Treatment for this type includes eye drops that work by reducing the pressure in your eyes.

2) Acute Glaucoma

Unlike chronic glaucoma, acute glaucoma rapidly develops in an individual, and pressure buildup in the eyes is also relatively faster in this type. Symptoms of acute glaucoma include eye discomfort, red eyes, eye aches, and slowly arising pain bursts followed by blurred vision.

When you enter a dark room, you may notice the symptoms of acute glaucoma arise because as your pupils widen, symptoms may show up more clearly.

Treatment of acute glaucoma includes using eye drops to reduce eye pressure accompanied by laser treatment or surgery to eliminate the blockage in your eye drainage system.

Acute glaucoma risk factors include being long-sighted, having a family history of glaucoma, age factor, and belonging to East or South African origin.

Age Related Macular Degeneration

The disease occurs in the 50s and commonly affects a person's central vision, making objects blurry.

AMD mainly develops when aging destroys your macula. The macula is the back part of your eye that is responsible for controlling the vision of sharp and straight objects.

Symptoms include central blurring vision, hallucinations, straight objects appearing wavy, and bright colors appearing dull.

There are two types of Age-related macular degeneration:



If left untreated, macular degeneration can worsen (gradual vision damage) and develop into dry AMD, or it can worsen even within a few weeks (sudden vision changes), known as wet AMD.

Dry AMD has no specific treatment, but wet AMD can be treated through photodynamic therapy or regular injections.

Diabetic Eye Disease

People with diabetes are at high risk of developing poor vision and eye disorders like glaucoma, diabetic retinopathy, and cataract.

Diabetes retinopathy is the most common among all. In this disorder, the blood vessels near your retina may weaken, leak, and destroy if left untreated. After that, new blood vessels can grow on your retina, damaging your entire vision.

As this disease occurs because of your blood vessels being affected, managing blood pressure and cholesterol along with having normal blood glucose levels can prevent or control this condition to a great extent.

Retinal Detachment

At the back of your eyes, there is a thin layer known as the retina. It is responsible for transferring messages to your brain through the optic nerve. In retinal detachments, your retina loosens.

The disorder is also known as "detached retina," and it requires immediate treatment without which you may suffer permanent eye damage.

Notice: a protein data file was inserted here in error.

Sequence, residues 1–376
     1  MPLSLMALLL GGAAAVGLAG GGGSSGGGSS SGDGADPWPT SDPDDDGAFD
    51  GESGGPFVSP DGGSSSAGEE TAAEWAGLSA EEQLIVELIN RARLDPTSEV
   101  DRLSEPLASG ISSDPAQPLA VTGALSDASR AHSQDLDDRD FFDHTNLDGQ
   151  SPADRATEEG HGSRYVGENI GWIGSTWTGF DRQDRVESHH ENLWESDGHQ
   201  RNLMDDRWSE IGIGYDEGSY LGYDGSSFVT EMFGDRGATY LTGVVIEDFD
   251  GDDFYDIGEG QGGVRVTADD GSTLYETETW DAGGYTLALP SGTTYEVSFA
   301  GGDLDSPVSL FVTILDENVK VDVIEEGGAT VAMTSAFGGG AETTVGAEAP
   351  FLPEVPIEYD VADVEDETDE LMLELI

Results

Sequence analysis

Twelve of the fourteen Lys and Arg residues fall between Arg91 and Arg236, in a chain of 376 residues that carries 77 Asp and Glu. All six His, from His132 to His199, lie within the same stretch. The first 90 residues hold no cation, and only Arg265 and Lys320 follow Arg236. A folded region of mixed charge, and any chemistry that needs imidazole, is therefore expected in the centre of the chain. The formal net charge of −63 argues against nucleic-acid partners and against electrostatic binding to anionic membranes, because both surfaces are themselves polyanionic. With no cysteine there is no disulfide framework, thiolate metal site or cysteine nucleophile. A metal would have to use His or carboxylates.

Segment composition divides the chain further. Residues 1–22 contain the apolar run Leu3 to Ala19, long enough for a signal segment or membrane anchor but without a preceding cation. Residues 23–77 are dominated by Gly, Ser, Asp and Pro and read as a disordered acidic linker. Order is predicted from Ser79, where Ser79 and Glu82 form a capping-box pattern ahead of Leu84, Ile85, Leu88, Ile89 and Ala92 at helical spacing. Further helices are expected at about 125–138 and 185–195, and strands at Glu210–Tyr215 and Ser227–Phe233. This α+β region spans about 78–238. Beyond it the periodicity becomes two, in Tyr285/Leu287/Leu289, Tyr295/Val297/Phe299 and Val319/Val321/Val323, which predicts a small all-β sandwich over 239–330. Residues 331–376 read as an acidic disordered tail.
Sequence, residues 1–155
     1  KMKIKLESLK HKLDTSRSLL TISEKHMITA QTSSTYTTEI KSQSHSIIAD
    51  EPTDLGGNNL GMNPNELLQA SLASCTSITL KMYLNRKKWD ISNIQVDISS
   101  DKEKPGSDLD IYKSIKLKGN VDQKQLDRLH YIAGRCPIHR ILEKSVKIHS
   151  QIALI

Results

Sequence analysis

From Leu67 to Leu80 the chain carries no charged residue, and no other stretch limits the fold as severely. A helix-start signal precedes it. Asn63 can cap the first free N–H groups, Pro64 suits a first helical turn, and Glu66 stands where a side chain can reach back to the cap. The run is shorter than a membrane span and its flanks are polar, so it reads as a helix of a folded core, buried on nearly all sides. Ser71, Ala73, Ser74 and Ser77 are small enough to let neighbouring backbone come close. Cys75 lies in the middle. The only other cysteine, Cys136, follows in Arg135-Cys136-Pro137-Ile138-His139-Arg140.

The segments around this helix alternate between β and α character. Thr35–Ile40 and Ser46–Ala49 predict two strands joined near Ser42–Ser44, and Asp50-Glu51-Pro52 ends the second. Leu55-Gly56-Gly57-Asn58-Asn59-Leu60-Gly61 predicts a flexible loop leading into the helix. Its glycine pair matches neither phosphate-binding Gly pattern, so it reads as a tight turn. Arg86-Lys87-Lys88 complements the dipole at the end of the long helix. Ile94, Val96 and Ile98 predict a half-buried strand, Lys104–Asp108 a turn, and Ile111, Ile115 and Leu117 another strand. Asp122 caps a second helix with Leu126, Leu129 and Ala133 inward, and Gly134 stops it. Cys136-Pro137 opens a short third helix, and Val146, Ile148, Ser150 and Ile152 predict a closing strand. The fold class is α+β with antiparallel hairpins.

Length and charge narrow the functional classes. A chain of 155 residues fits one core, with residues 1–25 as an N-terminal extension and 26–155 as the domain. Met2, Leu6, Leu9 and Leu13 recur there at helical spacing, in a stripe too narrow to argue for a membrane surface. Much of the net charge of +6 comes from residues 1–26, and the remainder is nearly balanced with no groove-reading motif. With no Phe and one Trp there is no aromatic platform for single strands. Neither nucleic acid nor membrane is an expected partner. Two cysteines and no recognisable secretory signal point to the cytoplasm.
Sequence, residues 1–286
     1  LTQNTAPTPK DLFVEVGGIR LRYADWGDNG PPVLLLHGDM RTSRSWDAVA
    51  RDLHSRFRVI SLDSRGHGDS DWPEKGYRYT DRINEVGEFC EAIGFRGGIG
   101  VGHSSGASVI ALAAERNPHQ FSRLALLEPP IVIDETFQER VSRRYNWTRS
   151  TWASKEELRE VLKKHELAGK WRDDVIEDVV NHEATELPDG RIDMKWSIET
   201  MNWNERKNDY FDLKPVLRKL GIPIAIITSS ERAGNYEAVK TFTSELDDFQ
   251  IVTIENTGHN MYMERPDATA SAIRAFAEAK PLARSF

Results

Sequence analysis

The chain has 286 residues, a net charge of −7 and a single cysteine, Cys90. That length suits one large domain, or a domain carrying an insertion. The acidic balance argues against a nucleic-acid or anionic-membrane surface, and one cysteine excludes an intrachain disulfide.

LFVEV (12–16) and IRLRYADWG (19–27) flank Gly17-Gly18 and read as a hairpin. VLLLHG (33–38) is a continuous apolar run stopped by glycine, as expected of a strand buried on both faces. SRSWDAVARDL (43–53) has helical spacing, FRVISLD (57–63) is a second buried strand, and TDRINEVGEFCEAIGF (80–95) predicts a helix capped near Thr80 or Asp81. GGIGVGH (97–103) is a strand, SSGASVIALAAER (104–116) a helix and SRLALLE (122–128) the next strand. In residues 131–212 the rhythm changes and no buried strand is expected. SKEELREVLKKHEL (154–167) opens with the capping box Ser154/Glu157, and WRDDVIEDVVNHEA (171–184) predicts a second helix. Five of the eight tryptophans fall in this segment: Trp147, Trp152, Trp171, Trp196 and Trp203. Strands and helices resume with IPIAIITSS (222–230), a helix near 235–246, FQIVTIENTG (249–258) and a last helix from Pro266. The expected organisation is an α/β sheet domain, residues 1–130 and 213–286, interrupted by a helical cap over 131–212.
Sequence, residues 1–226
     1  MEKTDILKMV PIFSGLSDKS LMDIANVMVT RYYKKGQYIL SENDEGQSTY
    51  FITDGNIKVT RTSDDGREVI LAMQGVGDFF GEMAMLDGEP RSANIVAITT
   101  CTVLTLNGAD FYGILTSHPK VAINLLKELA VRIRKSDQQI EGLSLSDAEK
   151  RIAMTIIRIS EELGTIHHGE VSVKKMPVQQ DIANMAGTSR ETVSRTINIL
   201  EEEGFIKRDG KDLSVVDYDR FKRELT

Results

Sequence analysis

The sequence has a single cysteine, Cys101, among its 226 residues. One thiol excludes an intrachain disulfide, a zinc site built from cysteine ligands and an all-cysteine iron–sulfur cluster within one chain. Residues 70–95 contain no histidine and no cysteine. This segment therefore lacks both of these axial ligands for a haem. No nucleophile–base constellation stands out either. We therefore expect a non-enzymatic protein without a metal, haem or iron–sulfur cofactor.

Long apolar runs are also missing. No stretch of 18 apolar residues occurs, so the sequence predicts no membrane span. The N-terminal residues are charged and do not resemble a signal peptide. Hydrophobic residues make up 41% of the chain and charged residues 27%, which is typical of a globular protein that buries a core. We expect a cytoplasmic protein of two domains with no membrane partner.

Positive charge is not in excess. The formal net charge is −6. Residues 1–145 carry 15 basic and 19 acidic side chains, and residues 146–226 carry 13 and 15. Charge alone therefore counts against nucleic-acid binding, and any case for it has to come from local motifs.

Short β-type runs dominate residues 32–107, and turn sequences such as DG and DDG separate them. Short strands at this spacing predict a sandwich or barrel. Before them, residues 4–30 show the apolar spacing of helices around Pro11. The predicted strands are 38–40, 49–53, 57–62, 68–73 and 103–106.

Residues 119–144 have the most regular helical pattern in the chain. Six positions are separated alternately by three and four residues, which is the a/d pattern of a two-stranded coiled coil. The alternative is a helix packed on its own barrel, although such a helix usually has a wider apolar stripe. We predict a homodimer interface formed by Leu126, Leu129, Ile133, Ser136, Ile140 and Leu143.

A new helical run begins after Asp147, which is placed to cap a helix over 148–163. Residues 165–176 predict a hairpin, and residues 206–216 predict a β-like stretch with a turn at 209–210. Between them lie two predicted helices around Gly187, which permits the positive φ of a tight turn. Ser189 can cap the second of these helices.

A condition known as retinal tear also falls under this category which is the initial stage of retinal detachment where your retina has just started to tear away.

The condition is also a result of the age factor which cannot be prevented. You may need surgery to bring your vision back to normal.

Dry Eyes

Dry eyes are very common and it's nothing severe to worry about. It can occur due to natural reasons and can easily be corrected using home remedies.

Some of the most common reasons for dry eyes are:

  • Wearing contact lenses,
  • Increased age, smoking or drinking alcohol.
  • Using certain medications like antidepressants.
  • Having long screen time without breaks.
  • Environmental conditions also result in dry eyes like windy, cold or dusty weather.
  • Staying in air-conditioned or heated rooms all day long.

Dry eyes can be treated by avoiding all the above conditions as much as possible, like taking breaks from the screen, using humidifiers, avoiding alcohol or smoke intake.

If you wear contact lenses, take them off for a while and use glasses; get enough sleep to give your eyes the proper rest.

Certain eye drops are also available to treat dry eyes by promoting natural tear generation. But if your condition persists, it is good to consult an eye specialist for further identification.


Blepharitis is a condition caused by bacteria. It occurs due to the presence of too much bacteria on the surface of your eyelid and eyelashes.

They may cause your eyes to become irritated, itchy, and gritty. Flakes or crusts may surround your eyes due to the presence of bacteria. People experiencing blepharitis may also feel difficulty opening their eyes in the morning.

This condition is usually harmless, but it may give rise to other conditions like conjunctivitis and dry eyes.

Blepharitis is easily treatable by washing and cleaning eyes regularly and using an antibacterial or eye cleaning drop. It is recommended not to wear eye makeup or contact lenses during blepharitis.

Dyslexia and Reading Difficulties

Dyslexia is a condition when a person has difficulty in reading, writing, and spelling words correctly. They face confusion in recognizing letters, can't process information sequentially, especially when they are told verbally, and have spelling inconsistency. (For example, confusing and not being able to recognize difference between the letters 'd' and 'b')

Dyslexia doesn't have a permanent cure or treatment but can be minimized by personal attention, learning activity in small groups, or speech recognition by using certain software’s.